The longitudinal, multiple-site case study will be conducted with six awardees that received pilot program funding. In selecting case study sites, CDC will consider features that are expected to influence PSE change processes and outcomes, such as: the structure of the awardee's public health system, the state/local policy climate, the awardee's capacity for PSE change, the focus areas that awardees have chosen to address in their work plans, and the demographics and population characteristics of the awardee's jurisdiction. One individual at each site will be asked to assist in coordinating a site visit.
During initial site visits to the six selected pilot programs, interviews will be conducted with key informants including NCCCP staff, partners who are members of the awardee's policy task force, and community members who play an important role in implementing PSE change initiatives. Approximately three NCCCP staff members and 12 partners/community members per site will be asked to participate. The estimated burden per response is 90 minutes for NCCCP staff and 60 minutes for partners/community members. Interview data will be supplemented with documentary evidence and program monitoring data already collected by local program staff and by CDC. Approximately two years after the site visit, a second round of interviews will be conducted by telephone. The respondents for the telephone interviews may be the same individuals who were interviewed during the initial site visits, or other key informants.
CDC also plans to conduct an annual focus group involving CDC staff and national partners who have provided technical assistance and training to the pilot programs. The purpose of the focus groups is to gather information about the capacity, challenges, and facilitators of PSE change from the perspective of the trainers who have had direct interaction with the awardees. Focus groups will be conducted with approximately 10 non-federal respondents per group. The estimated burden per response is 90 minutes.
Finally, CDC plans to conduct a survey of coalition members in the third year of the evaluation. The content of the survey may include questions from the program director survey as well as other issues identified during the evaluation process. CDC estimates 20 responses in each of 13 sites for a total of 260 responses. The estimated burden per response is 20 minutes.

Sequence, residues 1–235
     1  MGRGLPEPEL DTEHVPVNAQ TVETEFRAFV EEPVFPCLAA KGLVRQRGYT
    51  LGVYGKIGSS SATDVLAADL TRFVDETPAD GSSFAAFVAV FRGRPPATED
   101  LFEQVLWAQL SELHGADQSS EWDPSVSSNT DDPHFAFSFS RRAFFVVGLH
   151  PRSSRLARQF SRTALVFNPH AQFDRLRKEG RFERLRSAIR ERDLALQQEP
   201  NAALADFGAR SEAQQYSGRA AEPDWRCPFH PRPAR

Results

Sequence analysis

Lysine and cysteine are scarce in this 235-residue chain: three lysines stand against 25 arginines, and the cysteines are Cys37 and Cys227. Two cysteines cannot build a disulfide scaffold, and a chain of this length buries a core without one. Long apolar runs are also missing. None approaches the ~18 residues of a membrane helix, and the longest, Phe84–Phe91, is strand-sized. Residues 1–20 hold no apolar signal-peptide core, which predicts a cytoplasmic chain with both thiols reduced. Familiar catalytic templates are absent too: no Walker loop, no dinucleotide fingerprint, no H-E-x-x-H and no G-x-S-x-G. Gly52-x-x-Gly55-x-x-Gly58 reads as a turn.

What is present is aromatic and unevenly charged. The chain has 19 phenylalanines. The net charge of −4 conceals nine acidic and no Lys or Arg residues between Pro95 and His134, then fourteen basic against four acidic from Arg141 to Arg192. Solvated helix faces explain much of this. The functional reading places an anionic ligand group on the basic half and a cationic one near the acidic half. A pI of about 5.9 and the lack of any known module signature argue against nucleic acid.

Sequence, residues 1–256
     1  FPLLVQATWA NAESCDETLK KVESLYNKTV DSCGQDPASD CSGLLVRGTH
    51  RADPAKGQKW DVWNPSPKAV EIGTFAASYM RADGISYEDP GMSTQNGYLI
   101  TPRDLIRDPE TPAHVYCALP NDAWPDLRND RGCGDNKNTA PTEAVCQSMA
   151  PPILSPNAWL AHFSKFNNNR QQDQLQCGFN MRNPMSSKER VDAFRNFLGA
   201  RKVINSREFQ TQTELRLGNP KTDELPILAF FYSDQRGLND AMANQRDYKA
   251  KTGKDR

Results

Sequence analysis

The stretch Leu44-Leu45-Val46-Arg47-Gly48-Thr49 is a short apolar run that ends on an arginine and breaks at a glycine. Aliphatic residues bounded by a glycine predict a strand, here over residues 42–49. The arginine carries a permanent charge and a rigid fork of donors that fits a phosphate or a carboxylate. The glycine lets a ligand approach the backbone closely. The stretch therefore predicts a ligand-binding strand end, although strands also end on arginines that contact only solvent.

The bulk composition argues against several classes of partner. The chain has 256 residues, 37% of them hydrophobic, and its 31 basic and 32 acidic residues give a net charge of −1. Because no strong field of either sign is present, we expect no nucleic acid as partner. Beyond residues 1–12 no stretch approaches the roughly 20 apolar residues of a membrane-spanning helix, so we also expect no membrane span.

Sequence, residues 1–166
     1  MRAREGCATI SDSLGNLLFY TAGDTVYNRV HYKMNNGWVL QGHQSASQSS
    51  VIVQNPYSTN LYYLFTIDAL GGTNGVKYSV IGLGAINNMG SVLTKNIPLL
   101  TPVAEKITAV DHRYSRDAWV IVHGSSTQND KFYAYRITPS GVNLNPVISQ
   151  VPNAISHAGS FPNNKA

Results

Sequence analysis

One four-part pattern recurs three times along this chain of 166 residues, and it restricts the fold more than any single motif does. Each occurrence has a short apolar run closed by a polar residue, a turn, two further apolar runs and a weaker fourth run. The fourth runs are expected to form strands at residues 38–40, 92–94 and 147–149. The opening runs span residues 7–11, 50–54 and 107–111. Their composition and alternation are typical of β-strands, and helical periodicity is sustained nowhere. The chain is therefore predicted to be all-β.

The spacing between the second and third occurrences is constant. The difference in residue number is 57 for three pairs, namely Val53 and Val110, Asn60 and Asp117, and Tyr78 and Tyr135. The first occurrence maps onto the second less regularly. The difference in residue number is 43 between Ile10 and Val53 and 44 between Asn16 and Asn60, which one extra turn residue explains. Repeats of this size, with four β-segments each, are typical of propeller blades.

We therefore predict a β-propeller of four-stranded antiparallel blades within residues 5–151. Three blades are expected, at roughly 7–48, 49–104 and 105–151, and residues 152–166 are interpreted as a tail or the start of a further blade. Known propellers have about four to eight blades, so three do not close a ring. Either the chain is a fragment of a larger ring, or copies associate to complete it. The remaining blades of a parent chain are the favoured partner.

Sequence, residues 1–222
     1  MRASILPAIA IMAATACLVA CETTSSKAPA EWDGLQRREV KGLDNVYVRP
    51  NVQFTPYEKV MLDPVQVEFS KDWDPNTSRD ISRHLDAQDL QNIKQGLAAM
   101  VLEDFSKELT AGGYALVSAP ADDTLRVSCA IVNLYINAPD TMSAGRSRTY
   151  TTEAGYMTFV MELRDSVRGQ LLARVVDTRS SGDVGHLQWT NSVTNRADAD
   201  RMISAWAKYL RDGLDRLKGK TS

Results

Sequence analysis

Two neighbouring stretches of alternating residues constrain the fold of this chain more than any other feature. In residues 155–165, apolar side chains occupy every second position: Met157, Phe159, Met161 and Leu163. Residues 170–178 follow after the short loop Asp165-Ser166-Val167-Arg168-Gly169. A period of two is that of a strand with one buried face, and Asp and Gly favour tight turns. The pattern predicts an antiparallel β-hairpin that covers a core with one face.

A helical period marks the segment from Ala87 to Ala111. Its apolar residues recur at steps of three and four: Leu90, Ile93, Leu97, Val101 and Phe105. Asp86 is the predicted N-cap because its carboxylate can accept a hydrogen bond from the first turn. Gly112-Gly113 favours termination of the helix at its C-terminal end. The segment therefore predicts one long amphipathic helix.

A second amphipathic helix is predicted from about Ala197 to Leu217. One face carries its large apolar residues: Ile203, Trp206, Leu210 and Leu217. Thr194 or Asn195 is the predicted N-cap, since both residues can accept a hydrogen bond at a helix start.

Specific evaluation questions to be addressed in this pilot program evaluation include: (1) How the pilot program enhanced comprehensive cancer control; (2) whether the pilot program facilitated a shift towards primary prevention; (3) the program's effects on cancer control infrastructure; (4) pilot program implementation strategies; (5) key outcomes; (6) the role of the state task force; and (7) lessons learned.
The case studies will allow CDC to understand how differences in programmatic characteristics and context influence overall implementation processes and outcomes. Information to be collected may also inform the development of technical assistance and the future allocation of program resources.
OMB approval is requested for three years. Participation is voluntary and there are no costs to the respondents other than their time.
|Type of respondent||Form name||Number of respondents||Number of responses per respondent||Average burden per response (in hr)||Total response burden (in hr)|
|CCC Program Directors||Program Directors Web Survey Questionnaire||43||1||30/60||22|
|CCC Staff||Key Informant Selection||2||1||8||16|
|Key Informant Recruitment/Scheduling||12||1||5/60||1|
|Key Informant Interview||12||1||1.5||18|
|CCC Partners||Key Informant Recruitment/Scheduling||48||1||5/60||4|
|Key Informant Interview||48||1||1||48|
|TA Providers||Focus Group Guide||10||1||1.5||15|
Dated: April 1, 2013.
Ron A. Otten,
Director, Office of Scientific Integrity, Office of the Associate Director for Science, Office of the Director, Centers for Disease Control and Prevention.
[FR Doc. 2013-08051 Filed 4-5-13; 8:45 am]
BILLING CODE 4163-18-P